Since I’m writing about Miracleman, I might as well mention my favorite bit in the series so far: the assassin Mr. Cream, an elegant fellow with black skin and sapphire teeth. I wonder if a writer, at least a white writer, could invent him now. A big part of the character’s gimmick is that he’s black but named “Cream” and dressed in white. To tell the truth, I suspect that even 27 years back only Europeans, not Americans, could have gotten away with that gag. Racial etiquette is stricter here because we were a slave-holding society whereas the Europeans were slave-trafficking societies. Blacks and whites have spent much more time side by side in America than in Europe, giving American blacks more time to speak up and combat the idea that the white perspective is the only perspective.

Also part of Mr. Cream’s gimmick is that he’s black and yet elegant, cultured, the owner of an original Hockney, etc. Sadly, I think this gimmick still gets trotted out today. It has a patina of well-meaningness that allows it to get by.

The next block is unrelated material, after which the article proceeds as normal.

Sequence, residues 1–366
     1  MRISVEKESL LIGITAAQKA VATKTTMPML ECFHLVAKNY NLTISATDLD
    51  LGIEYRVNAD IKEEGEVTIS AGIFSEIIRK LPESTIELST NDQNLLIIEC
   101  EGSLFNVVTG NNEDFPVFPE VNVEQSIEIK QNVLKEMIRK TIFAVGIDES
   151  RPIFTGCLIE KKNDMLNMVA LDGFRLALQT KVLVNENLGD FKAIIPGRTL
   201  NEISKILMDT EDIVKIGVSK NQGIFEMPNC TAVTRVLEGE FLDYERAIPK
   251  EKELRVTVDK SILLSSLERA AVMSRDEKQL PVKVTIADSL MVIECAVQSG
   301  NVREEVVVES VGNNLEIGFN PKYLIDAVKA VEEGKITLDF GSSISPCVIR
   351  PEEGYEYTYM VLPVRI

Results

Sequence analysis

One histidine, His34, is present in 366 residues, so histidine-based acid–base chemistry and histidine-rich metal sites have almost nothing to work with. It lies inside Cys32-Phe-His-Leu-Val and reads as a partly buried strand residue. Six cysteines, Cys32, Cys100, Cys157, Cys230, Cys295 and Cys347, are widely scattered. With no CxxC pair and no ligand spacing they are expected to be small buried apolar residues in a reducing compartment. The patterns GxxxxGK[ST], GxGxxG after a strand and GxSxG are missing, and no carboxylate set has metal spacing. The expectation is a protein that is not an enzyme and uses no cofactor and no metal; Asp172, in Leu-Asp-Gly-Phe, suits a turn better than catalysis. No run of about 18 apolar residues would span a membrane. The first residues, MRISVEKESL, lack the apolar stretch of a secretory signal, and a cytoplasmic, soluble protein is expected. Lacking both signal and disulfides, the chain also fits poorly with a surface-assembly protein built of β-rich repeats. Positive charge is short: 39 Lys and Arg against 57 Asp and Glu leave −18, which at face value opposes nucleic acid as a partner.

But I’m getting off track. The point of this post is that so much of Miracleman concerns itself with dragging silly old superhero tropes into the light of day and exposing them to adult notions of probability: Dicky Dauntless is a silly name, Miracleman can’t just pick up his wife and fly her thru the air because the wind resistance would kill her, and so on. But it’s completely improbable that a cunning, stealthy, highly secret assassin would have sapphire teeth. In fact it makes no sense. People would see him coming; after he left the scene of the crime, anyone anywhere who had seen him that day would remember him. So the idea is absurd. But it’s still great. An elegant black man dressed in white and with sapphire teeth and he goes about killing people thru use of his superior, icy cold intellect — I don’t care if it’s laughable and borderline racist, I still dig it.
Which goes to show that our notion of cool doesn’t care about anything but itself (for me, even using the word “cool” is a horrible concession, since I hate it, but the phenomenon needs a name and I can’t think of any other). And also that genre realism is all relative: the point isn’t to be realistic, it’s to be more realistic than some well-acknowledged cultural touchstone, producing an unexpected contrast (familiar story, everyday facts) that gooses the reader. Which is, oh God, cool too. In writing this post I don’t mean to debunk Alan Moore or Miracleman, just to bring out what they actually offer, as opposed to what we imagine they offer.